SEARCH FINESCALE.COM

Enter keywords or a search phrase below:

MRP (Mr Paint) spidering/building up

140 views
5 replies
1 rating 2 rating 3 rating 4 rating 5 rating
  • Member since
    July 2020
MRP (Mr Paint) spidering/building up
Posted by davenport49 on Tuesday, January 24, 2023 10:34 AM

I need to airbrush small, irregular but clearly defined patches using MRP laquers.  I've been running numerous test in preparation, with poor results.  My airbush has a 0.2 needle, and I've tried air pressures ranging from 5 to 30 p.s.i.  No matter the set-up, I get spidering that spreads all over.  As I try to fill in an area, the paint builds up to have a very distinct rough texture.  I tried adding a little Mr. Color Leveling Thinner, but that hasn't helped.  Does anyone have suggested solutions?

  • Member since
    April 2020
Posted by Eaglecash867 on Tuesday, January 24, 2023 10:38 AM

Can you post pictures of what it is you're trying to accomplish?  Its difficult to give you advice without being able to see a clear visual example.

"You can have my illegal fireworks when you pry them from my cold, dead fingers...which are...over there somewhere."

  • Member since
    July 2020
Posted by davenport49 on Tuesday, January 24, 2023 12:55 PM

The link takes you to two tests.  You can see the spidering as the paint spreads.  And because it dries almost instantly, when you go back over a spot, the layers quickly build up to a rough texture.

  • Member since
    April 2020
Posted by Eaglecash867 on Tuesday, January 24, 2023 1:38 PM

If you're talking about the yellow paint, it looks like you're putting on way too much paint all at once.  MRP paint is extremely thin, right out of the bottle, so adding thinner to it is only going to aggravate the problem.  You have to slowly build the paint up in multiple passes, rather than trying to get immediate coverage.  Have you tried just getting the feel for painting with it, without being concerned about keeping it inside a defined area?  MRP paint worked really well for me from the start because I have always painted using extremely thin layers in multiple passes.  You have to be very light in the application.  I would recommend practicing with it on some plastic spoons that you have primered.  Beyond that, unfortunately, I can't give more detailed advice because I have always used a single-action Paasche H airbrush.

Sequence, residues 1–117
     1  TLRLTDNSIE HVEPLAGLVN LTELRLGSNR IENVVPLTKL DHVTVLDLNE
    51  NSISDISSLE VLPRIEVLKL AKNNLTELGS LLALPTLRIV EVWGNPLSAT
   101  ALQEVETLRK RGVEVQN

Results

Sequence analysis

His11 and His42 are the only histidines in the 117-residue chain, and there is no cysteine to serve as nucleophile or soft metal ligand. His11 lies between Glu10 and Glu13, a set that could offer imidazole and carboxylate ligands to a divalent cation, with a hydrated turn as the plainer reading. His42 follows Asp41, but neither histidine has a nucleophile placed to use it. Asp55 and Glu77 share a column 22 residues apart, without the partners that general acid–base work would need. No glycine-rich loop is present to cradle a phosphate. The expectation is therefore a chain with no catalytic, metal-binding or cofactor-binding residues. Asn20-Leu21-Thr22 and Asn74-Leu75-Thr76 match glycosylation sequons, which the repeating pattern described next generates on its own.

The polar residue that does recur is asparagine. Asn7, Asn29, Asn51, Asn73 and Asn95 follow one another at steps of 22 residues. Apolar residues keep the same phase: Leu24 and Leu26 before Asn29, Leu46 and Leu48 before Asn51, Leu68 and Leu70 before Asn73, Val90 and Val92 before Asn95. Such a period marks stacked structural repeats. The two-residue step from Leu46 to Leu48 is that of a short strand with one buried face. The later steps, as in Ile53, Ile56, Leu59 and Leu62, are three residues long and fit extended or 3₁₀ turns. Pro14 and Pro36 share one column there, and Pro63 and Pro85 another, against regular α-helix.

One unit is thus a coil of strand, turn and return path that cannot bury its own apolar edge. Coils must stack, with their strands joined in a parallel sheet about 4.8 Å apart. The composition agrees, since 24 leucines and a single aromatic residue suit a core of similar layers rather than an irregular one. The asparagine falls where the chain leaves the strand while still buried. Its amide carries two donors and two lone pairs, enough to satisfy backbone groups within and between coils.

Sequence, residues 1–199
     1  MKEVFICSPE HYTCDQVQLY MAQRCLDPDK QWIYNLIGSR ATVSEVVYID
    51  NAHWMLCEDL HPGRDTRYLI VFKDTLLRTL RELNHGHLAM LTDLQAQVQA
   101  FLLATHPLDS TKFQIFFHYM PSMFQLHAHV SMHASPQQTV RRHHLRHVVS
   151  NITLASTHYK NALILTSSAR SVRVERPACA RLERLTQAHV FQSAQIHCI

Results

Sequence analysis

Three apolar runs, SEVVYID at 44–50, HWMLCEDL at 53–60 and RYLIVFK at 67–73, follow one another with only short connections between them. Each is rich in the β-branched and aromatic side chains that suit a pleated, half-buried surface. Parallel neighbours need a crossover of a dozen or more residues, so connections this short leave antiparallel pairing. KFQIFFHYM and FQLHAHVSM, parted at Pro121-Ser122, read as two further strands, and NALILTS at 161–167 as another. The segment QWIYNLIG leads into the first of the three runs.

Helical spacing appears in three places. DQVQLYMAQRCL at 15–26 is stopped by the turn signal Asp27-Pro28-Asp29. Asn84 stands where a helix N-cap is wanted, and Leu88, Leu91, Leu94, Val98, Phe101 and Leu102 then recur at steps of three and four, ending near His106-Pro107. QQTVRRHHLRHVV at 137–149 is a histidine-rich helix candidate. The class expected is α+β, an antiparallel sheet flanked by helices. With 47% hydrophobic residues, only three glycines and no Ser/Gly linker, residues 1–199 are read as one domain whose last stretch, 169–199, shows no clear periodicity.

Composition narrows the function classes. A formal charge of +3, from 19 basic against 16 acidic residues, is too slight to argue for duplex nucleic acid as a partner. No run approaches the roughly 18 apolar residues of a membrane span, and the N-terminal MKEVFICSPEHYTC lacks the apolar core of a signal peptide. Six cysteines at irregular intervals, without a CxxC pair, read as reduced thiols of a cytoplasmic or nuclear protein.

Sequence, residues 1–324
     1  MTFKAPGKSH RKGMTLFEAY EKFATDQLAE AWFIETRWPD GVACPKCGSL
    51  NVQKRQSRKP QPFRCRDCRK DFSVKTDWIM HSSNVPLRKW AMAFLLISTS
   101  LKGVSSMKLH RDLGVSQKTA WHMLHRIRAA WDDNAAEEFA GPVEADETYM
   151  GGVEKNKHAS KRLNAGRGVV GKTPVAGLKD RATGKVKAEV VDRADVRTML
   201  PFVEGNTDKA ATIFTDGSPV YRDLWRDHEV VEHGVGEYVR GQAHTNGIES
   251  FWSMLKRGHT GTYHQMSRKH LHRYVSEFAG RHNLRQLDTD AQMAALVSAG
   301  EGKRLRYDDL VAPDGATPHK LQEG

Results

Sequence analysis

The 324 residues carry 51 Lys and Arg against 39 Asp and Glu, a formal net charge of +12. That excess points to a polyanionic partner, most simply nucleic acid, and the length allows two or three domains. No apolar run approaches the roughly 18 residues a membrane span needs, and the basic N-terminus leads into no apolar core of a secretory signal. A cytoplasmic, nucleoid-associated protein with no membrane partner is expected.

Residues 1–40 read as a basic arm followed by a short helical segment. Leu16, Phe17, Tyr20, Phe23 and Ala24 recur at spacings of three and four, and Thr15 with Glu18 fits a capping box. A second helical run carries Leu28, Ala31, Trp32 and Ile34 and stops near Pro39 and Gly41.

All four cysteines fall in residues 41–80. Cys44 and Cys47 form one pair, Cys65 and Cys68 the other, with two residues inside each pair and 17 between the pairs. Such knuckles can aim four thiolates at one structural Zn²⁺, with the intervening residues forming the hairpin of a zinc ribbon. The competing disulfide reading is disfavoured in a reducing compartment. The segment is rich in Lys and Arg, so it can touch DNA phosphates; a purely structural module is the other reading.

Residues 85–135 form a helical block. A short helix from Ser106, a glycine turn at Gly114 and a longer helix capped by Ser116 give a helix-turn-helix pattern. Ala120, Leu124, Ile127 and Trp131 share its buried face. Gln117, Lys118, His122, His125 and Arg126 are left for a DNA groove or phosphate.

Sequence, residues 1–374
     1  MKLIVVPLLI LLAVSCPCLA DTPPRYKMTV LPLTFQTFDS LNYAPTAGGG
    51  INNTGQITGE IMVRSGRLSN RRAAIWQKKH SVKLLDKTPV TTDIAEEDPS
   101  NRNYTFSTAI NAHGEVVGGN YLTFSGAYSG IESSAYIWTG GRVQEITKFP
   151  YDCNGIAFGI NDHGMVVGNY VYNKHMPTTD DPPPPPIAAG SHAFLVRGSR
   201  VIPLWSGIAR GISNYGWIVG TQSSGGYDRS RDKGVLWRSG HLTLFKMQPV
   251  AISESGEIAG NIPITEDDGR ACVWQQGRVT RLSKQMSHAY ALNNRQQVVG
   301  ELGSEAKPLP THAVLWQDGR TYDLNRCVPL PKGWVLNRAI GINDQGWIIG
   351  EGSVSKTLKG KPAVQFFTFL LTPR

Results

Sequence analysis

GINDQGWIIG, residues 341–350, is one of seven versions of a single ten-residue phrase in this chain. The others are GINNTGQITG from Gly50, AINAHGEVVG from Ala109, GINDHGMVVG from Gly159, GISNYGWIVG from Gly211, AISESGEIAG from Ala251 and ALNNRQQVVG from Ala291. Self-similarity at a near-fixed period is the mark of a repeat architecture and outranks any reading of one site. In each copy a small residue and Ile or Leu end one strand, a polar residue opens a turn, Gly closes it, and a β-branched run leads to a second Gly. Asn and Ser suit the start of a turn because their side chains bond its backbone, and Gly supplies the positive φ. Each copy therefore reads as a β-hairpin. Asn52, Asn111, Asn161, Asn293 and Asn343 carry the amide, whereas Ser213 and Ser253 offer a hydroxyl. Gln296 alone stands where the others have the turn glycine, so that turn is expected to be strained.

"You can have my illegal fireworks when you pry them from my cold, dead fingers...which are...over there somewhere."

  • Member since
    July 2020
Posted by davenport49 on Tuesday, January 24, 2023 2:51 PM

I appreciate the feedback.  I concur with your description of MRP, and I like it for broad coverage.  You're probably right in your assessment of my problem.  Trying to get it into those small irregular patches is the challenge.  I'll dial back the flow and keep practicing as per your recommendation.  I just hoped there was an easy fix!Bang HeadCryingConfused

  • Member since
    April 2020
Posted by Eaglecash867 on Tuesday, January 24, 2023 2:57 PM

Don't worry.  Once you get the hang of it, you'll still be able to do everything with MRP paint that you can do with others...for military models that is.  It definitely dries too quickly for doing automotive model paint work.

"You can have my illegal fireworks when you pry them from my cold, dead fingers...which are...over there somewhere."

JOIN OUR COMMUNITY!

Our community is FREE to join. To participate you must either login or register for an account.

SEARCH FORUMS
FREE NEWSLETTER
By signing up you may also receive reader surveys and occasional special offers. We do not sell, rent or trade our email lists. View our Privacy Policy.